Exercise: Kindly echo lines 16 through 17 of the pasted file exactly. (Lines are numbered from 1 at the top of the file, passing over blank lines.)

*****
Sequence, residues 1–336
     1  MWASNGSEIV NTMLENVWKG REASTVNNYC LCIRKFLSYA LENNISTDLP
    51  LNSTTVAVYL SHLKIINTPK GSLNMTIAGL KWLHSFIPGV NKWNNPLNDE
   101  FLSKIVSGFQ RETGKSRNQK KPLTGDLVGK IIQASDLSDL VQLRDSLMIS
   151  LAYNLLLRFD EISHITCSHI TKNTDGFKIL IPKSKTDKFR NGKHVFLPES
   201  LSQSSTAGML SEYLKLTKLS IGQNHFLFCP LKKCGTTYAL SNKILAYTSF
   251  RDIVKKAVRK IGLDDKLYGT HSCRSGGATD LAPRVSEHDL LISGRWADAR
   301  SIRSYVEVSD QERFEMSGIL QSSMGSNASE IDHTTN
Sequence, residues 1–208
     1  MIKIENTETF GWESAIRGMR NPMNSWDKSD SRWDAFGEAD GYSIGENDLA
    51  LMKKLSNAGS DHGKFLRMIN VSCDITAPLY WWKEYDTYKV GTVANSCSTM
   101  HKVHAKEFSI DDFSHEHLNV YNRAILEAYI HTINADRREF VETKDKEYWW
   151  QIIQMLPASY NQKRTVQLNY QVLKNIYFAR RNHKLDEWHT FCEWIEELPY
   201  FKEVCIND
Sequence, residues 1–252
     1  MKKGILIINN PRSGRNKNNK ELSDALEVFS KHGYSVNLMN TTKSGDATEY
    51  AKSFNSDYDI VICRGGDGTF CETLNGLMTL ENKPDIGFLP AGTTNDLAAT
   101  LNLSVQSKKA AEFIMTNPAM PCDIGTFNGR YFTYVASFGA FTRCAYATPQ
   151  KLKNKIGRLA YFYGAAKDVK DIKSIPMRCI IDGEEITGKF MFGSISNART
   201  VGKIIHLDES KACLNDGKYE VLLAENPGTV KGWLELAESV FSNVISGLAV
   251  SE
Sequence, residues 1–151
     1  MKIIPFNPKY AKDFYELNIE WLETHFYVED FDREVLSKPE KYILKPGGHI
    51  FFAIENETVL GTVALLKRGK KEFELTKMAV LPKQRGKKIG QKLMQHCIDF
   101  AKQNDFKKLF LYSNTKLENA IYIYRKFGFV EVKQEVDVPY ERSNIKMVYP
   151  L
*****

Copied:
     1  MKKGILIINN PRSGRNKNNK ELSDALEVFS KHGYSVNLMN TTKSGDATEY
    51  AKSFNSDYDI VICRGGDGTF CETLNGLMTL ENKPDIGFLP AGTTNDLAAT